“One of the activities includes making a deer out of cardboard and stuffing it with meat to present to the tiger,” Dr. Caffery said. “Last time I did this activity with my animal behavior students the tiger was especially interesting to watch!”

The public is invited to attend and observe. Admission to the zoo is $5 for adults, $4 for military/seniors, $3 for children 2-12, and free for children under 2. They are open 10 a.m.- 4 p.m.

“I think this will be a fun activity for my students, beneficial to the animals, and interesting for the public as well,” Dr. Caffery said. “I think anyone with children will especially enjoy watching the animals interact with the enrichment we make for them.”

For more information about the Animal Behavior Enrichment day, contact Dr. Caffery at (601) 318-6780 or For more information about the Hattiesburg Zoo, call (601) 545-4576 or

Monday, September 9, 2013 - 3:25pm

Hattiesburg, Miss., September 9, 2013 - University of Mississippi Medical Center pediatrician Dr. Hannah Gay, who has gained worldwide recognition for helping to cure an HIV-positive infant, will present a lecture at William Carey University on September 17 at 2 p.m. in Tatum Theatre. Dr. Gay was named one of Time magazine’s “100 Most Influential People in the World” for finding an apparent cure of this child, known as “The Mississippi Baby.”  Her lecture will deal with this subject.  Faculty, staff, and students are invited to attend. This lecture is the first of WCU’s University Lecture Series.

Friday, May 10, 2013 - 2:27pm

Hattiesburg, Miss., May 10, 2013 - Sen. John Polk will speak at one of William Carey University’s commencement ceremonies on Saturday, May 18, at 9:30 a.m. in Smith Auditorium on the Hattiesburg campus. Nearly 800 students will graduate from WCU in four ceremonies. This ceremony is for students receiving undergraduate degrees from the school of arts and letters, school of nursing and school of natural and behavioral sciences.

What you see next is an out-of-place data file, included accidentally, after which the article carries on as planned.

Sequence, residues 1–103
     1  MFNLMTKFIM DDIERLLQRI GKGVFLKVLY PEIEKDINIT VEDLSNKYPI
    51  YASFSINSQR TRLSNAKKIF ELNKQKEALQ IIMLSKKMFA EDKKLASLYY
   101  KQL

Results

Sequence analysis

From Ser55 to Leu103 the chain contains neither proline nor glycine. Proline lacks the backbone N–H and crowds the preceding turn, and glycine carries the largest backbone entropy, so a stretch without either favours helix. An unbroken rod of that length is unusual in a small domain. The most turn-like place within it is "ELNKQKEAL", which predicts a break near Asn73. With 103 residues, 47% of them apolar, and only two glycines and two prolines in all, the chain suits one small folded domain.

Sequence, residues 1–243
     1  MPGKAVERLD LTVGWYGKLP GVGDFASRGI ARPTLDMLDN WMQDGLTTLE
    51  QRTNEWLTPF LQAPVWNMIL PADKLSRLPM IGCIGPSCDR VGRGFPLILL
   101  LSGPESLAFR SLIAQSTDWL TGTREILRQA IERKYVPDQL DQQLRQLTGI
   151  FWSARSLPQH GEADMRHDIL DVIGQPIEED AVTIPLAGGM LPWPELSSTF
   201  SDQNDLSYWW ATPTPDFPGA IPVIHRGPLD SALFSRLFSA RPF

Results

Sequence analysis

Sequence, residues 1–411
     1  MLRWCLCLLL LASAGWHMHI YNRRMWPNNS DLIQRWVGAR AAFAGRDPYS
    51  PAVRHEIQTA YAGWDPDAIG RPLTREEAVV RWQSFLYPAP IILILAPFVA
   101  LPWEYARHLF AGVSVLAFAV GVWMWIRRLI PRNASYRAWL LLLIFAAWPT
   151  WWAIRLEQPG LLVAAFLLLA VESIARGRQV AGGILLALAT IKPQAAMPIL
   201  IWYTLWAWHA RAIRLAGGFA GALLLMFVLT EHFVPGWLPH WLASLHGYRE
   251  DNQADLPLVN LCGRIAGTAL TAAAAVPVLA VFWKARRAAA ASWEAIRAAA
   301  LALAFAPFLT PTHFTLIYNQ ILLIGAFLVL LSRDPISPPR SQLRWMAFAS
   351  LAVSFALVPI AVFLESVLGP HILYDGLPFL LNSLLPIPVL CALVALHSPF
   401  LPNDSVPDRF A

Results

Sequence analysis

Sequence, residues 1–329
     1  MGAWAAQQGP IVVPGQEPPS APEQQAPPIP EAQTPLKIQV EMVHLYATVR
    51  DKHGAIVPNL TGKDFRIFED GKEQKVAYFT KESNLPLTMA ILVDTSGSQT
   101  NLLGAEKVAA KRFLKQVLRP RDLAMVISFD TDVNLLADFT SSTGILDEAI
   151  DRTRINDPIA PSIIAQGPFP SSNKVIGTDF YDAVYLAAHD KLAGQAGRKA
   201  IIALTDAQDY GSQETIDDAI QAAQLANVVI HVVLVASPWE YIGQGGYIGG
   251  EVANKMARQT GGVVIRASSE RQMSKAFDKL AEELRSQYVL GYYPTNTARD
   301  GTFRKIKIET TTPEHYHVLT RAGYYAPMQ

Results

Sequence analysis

Sen. John Polk, owner and chairman of the corporation for Polk’s Meat Products, Inc., was elected to a four-year term in the Mississippi State Senate in 2011. He serves District 44, representing parts of Forrest, Lamar, and Perry Counties.  In August of 2012, Lt. Gov. Tate Reeves appointed Sen. Polk as Chairman of the Senate Universities and Colleges Committee.  He has served on multiple other committees as well, including Accountability, Efficiency, Transparency, Education, Elections, Energy, Finance, Housing, Ports and Marine Resources.

Originally from Prentiss, Sen. Polk graduated from the University of Southern Mississippi with a bachelor’s in communications and radio-television-film in 1971.  He began his career as news director of WHSY radio in Hattiesburg, and then worked for the USM Office of Public Information before joining the Mississippi Bureau of Narcotics in Jackson as its first staff assistant for public affairs.  In 1973 he married Jan Barrett and in 1974, they bought their current business, Polk’s Meat Products, Inc. Through the years Sen. Polk has also owned and operated a radio station, been involved in cattle farming, tree farming, a pizza restaurant, and dabbled in interstate trucking. 

Sen. Polk has served on the board of directors of the Southern Miss Alumni Association, the University Foundation, and is a past president of the International Alumni Association.  In 1998 he was inducted into the University of Southern Mississippi Alumni Hall of Fame. He and Jan live in Lamar County and are members of Temple Baptist Church where he sings in the choir. They have two children; Brian Polk and Julie Polk Breazeale, and three grandchildren: Barrett Blake, and Olivia.